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Tuesday, February 27, 2024
Courthouse News Service
Tuesday, February 27, 2024 | Back issues
Courthouse News Service Courthouse News Service

Republican Candidates Grapple in Milwaukee

MILWAUKEE (CN) - Abundant interruptions and boos from the audience defined the fourth Republican primary debate, though many agreed it was a vast improvement over the third debate.

Fox Business Network hosted the two-part debate Tuesday along with The Wall Street Journal and the Republican National Committee, featuring a total of 12 Republican presidential candidates.

The main debate, which focused as promised on the economy and foreign policy, kicked off at 8 p.m. and featured the eight top-polling Republican candidates: Ben Carson, Donald Trump, Marco Rubio, Carly Fiorina, Ted Cruz, Jeb Bush, John Kasich and Rand Paul. The debate was moderated by Maria Bartiromo and Neil Cavuto of Fox Business News and The Wall Street Journal's Gerard Baker.

While Carson faded into the background on most questions, Fiorina, Paul and Trump repeatedly elbowed their way in by answering and arguing on other candidates' questions. Kasich's attempts to do the same rarely succeeded, while Rubio and Cruz stuck mostly to the questions they were asked directly.

Trump was out in force against his fellow candidates, once criticizing Fiorina for "interrupting everybody," and later by dismissing Kasich's criticism of his deportation-focused immigration plan with a flip reference to his success and wealth.

"I don't have to hear from this man, believe me," he said.

Cruz got in his own jab during the immigration question, inspiring boos when he said that if lawyers, doctors and journalists were coming to the United States and "driving down wages" in those professions, tough immigration policy would be more popular.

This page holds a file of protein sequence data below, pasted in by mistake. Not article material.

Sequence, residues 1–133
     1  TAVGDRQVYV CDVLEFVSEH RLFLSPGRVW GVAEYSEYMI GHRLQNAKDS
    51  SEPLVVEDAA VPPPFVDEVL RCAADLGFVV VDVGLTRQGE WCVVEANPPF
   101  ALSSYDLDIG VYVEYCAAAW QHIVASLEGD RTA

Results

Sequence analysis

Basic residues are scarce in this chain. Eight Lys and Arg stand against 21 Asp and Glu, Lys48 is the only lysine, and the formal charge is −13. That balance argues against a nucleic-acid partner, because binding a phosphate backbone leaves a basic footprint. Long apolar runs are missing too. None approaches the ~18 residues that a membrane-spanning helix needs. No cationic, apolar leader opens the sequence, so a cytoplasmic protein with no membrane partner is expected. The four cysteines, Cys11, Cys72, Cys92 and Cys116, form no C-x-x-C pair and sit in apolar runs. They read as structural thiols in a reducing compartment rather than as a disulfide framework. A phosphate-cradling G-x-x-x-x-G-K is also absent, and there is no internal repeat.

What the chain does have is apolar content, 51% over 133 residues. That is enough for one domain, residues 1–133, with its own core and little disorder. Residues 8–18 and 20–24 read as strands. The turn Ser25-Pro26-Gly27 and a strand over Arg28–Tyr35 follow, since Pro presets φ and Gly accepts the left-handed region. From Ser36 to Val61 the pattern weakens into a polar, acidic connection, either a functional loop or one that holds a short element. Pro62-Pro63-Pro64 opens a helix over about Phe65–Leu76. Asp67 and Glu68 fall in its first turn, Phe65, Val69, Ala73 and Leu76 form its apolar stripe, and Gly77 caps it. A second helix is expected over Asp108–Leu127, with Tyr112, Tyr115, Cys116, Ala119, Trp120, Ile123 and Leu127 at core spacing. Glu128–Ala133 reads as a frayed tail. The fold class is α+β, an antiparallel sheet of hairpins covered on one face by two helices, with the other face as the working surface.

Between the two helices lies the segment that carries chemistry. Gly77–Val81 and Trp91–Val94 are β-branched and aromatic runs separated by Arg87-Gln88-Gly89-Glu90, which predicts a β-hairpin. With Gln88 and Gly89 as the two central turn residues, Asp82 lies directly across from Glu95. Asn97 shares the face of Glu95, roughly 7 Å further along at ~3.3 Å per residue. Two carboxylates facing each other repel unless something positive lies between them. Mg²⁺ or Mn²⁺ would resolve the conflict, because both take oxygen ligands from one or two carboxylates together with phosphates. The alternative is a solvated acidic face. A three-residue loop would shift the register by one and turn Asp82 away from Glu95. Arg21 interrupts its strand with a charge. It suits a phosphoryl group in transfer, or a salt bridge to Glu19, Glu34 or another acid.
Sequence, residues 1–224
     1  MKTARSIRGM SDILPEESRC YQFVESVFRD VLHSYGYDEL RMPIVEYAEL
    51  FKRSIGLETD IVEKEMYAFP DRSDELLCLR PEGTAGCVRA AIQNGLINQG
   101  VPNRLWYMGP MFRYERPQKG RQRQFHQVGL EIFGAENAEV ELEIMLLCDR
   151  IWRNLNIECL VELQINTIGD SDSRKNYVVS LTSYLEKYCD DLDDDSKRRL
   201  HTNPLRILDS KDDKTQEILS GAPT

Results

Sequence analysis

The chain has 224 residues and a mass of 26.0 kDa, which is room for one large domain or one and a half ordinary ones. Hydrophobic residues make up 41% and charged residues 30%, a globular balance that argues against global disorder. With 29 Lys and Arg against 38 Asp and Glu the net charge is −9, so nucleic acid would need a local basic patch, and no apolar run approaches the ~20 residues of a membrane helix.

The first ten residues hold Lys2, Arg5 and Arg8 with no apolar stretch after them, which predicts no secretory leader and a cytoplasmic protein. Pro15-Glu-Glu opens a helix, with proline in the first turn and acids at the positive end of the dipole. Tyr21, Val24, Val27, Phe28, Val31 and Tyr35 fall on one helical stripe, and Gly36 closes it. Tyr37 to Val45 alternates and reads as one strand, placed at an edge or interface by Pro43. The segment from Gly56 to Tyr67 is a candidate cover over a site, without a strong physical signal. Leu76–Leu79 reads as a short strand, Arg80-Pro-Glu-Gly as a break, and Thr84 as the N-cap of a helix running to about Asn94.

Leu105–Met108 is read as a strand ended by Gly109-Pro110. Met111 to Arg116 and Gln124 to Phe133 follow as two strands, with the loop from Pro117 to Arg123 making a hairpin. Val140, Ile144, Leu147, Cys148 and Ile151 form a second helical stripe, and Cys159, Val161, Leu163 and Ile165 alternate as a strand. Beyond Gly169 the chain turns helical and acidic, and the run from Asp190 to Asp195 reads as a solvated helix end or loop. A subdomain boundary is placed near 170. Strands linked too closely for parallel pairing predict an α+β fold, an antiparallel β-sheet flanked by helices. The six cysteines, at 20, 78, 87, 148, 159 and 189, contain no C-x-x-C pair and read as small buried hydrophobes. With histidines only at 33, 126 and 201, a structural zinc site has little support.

Bush and Kasich took a more socially liberal approach, agreeing that "law-abiding" immigrants should be allowed to stay and pay a fine.

"For the 11 million people, come on, folks," Kasich said. "We all know you can't pick them up at their homes and ship them across the border."

Fiorina and Trump traded name-drops of Vladimir Putin, both claiming to have met him, while discussing strategy in the Middle East. The candidates were sharply divided on whether to support Russia or Syrian rebels. Rubio took a different tack on the question.

"I've never met Vladimir Putin, but I know enough about him to know he's a gangster," he said. "He understands only geopolitical strength."

Paul said that more military spending is not conservatism, and that arming the enemies of our enemies is what created the Islamic State in the first place.

Fiorina did not shy away from criticizing the establishment, often referring to actions of "Republicans and Democrats alike," and saying the United States is sinking into socialism.

The few points upon which every candidate agreed were an end to nonspecific overregulation that hurts small businesses, a simplified tax code and repealing the Patient Protection and Affordable Care Act - and, of course, "StopHillary," which doubled as the access code for the debate's official wireless Internet network.

In fact, moderator Bartiromo delivered the most booed statement of the evening when she said that Clinton had an "impressive resume."

An early debate featuring the lowest-polling candidates - Chris Christie, Mike Huckabee, Bobby Jindal and Rick Santorum - kicked off at 6 p.m. CST.

Protestors gathered outside the UW-Milwaukee Panther Arena downtown, chanting "Dump Trump" and holding signs demanding clean energy, cessation of aid to Israel and reform of marijuana laws.

A lone Trump supporter in a Captain America costume offered free selfies before the debate.

After the debate, protesters on Kilbourn Avenue and Fourth Street quickly faded away, leaving only police, a hot dog vendor and a saxophone player, who switched from pop tunes to the national anthem when dozens of passersby applauded but dropped little money.

"That's how I feel about Republicans," he said. "They don't really want to help nobody."

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